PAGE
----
New York parents, teachers and kids protest Common Core tests
Led by principals and teachers, parents and students from some of New York's best schools protested Friday morning against the new Common Core English tests, which were administered there and around the country last week.
"Parents marching with their children complained that the tests, which took three days, were a waste of time and energy for their kids and the teachers," DNAinfo New York reported. "They also criticized the confusing nature of the tests, along with a number of product placements in the questions — with references to products like Barbie and Nike throughout the exam, parents said."
Much of the criticism centers on the exam's secrecy, and critics have argued that after the test is administered the questions should be released for public scrutiny.
Defenders of Common Core have all along suspected that well-off parents and students object to the new testing in part because they don't want to be told that their kids are not excellent.
Kasha Raulph, an 8-year-old third-grader, who spoke to DNAinfo New York, didn't do much to dispel this notion when she said she thought the tests "weren't fair," after marching with her mother and classmates. "I don't think they were good — they were too hard."
But Brooklyn principal Liz Phillips wasn't complaining about rigor when she posted an open letter to parents calling for Friday's protest.
"Our 3rd, 4th, and 5th graders have just completed three days of the New York State English Language Arts Exam. Your children were wonderful and worked incredibly hard. On the whole, we think that we were able to protect them from the worst stresses of the test, and most seemed fine during most of the exam. However, the teachers and administration are truly devastated by what a terrible test it was and how little it will tell us about our students," her letter read. (Emphasis in original.)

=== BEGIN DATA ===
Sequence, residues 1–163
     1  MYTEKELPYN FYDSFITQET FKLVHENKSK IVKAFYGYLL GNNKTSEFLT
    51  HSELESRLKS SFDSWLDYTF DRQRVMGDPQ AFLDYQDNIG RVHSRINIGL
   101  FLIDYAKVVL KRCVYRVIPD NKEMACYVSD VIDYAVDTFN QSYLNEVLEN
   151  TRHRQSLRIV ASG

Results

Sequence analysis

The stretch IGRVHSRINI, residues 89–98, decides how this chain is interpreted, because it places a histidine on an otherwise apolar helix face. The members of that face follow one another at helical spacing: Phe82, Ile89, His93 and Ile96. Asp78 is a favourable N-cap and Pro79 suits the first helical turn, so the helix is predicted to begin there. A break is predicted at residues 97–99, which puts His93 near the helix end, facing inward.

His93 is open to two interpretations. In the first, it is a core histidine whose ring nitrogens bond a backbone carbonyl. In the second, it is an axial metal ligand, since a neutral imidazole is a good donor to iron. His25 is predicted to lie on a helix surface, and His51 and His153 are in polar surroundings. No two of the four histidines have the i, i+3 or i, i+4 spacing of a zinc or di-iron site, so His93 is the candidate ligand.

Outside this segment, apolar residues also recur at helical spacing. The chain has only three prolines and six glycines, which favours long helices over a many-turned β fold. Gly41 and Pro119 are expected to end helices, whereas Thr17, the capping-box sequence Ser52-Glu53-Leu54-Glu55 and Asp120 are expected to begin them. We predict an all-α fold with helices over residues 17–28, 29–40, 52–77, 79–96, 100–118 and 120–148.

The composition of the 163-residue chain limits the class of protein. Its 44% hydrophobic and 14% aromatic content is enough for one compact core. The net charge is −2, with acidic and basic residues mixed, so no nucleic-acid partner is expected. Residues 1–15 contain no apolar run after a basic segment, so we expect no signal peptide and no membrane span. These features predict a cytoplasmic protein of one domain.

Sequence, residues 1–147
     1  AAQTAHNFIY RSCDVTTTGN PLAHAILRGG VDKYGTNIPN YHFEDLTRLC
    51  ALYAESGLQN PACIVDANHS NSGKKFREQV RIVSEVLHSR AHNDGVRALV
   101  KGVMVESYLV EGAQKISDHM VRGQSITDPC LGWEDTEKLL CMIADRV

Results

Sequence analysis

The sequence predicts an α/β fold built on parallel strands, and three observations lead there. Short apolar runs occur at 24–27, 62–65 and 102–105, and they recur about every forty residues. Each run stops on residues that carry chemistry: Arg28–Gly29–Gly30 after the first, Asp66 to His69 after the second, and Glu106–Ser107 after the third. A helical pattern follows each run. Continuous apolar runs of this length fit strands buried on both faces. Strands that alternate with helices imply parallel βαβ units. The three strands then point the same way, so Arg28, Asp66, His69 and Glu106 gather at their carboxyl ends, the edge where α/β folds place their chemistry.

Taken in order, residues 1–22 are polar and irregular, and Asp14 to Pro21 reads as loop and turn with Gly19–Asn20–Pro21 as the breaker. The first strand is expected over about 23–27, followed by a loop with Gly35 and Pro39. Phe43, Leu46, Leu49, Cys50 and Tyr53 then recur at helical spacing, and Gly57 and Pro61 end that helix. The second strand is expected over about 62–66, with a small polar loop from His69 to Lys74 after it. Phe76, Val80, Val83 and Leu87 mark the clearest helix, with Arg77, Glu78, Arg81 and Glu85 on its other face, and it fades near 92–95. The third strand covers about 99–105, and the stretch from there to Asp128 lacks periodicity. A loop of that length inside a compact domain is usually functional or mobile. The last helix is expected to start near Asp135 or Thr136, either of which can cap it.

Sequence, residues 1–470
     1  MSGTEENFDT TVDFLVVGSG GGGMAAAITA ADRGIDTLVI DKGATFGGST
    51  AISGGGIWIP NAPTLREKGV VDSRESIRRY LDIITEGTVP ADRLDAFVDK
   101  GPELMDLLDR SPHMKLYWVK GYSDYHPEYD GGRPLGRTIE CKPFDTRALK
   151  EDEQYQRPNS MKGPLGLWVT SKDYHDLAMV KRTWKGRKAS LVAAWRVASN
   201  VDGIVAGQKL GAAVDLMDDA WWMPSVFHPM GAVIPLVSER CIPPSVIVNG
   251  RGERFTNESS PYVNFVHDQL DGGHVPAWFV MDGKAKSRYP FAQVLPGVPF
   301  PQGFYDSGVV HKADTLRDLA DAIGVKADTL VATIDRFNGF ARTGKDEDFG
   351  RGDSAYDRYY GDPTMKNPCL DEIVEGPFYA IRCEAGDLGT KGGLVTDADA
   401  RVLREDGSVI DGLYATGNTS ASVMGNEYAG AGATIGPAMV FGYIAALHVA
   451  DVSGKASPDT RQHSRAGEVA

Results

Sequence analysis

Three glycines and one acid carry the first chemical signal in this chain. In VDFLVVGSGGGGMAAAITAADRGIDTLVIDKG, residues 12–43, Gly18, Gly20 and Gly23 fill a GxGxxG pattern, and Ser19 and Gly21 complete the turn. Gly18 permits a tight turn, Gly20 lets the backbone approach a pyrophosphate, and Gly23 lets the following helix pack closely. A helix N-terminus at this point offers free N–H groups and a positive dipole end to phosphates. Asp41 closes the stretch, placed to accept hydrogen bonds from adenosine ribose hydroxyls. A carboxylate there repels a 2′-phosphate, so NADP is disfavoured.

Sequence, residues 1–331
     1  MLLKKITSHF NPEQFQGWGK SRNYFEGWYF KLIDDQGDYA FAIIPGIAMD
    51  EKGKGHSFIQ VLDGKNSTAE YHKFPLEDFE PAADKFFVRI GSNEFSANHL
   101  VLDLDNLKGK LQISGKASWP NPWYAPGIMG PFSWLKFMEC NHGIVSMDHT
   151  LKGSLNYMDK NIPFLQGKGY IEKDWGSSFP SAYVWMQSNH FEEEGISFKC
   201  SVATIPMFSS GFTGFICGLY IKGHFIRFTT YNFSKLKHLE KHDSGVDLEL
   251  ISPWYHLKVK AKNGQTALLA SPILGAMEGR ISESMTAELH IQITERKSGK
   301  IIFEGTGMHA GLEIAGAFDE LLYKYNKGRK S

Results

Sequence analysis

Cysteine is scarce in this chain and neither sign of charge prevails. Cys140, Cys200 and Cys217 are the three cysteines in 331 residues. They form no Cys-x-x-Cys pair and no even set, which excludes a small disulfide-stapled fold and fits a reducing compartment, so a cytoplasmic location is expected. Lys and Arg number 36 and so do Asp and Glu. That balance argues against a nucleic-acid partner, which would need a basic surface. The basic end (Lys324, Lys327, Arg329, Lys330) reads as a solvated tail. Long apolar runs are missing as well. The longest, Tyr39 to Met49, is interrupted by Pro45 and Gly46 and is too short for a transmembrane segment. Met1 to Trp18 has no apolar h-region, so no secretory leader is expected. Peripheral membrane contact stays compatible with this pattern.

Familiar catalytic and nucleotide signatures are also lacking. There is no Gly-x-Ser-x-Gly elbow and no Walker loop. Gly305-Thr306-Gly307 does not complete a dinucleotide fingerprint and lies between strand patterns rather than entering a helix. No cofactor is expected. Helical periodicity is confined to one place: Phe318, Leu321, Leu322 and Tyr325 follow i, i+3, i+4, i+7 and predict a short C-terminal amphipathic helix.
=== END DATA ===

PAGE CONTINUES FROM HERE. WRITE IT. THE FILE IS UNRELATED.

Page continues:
"Because we are bound by test security, we cannot reveal details but we can tell you that we have never seen an ELA exam that does a worse job of testing reading comprehension," Phillips added. "There was inappropriate content, many highly ambiguous questions, and a focus on structure rather than meaning of passages. Our teachers and administrators feel that this test is an insult to the profession of teaching and that students’ scores on it will not correlate with their reading ability."
In a speech earlier in the week, New York School State Education Commissioner John King refused to give any ground on the tests, Chalkbeat New York reported: "He described recent debates over those efforts as 'noise' and 'drama,' and attributed some of the outcry to 'misinformation.’ ”
"His comments struck a nerve with some of the principals, who usually avoid getting involved in education’s political fights, but felt impelled to refute the notion that misinformed members of the public were stirring up unrest about the tests," Chalkbeat added.
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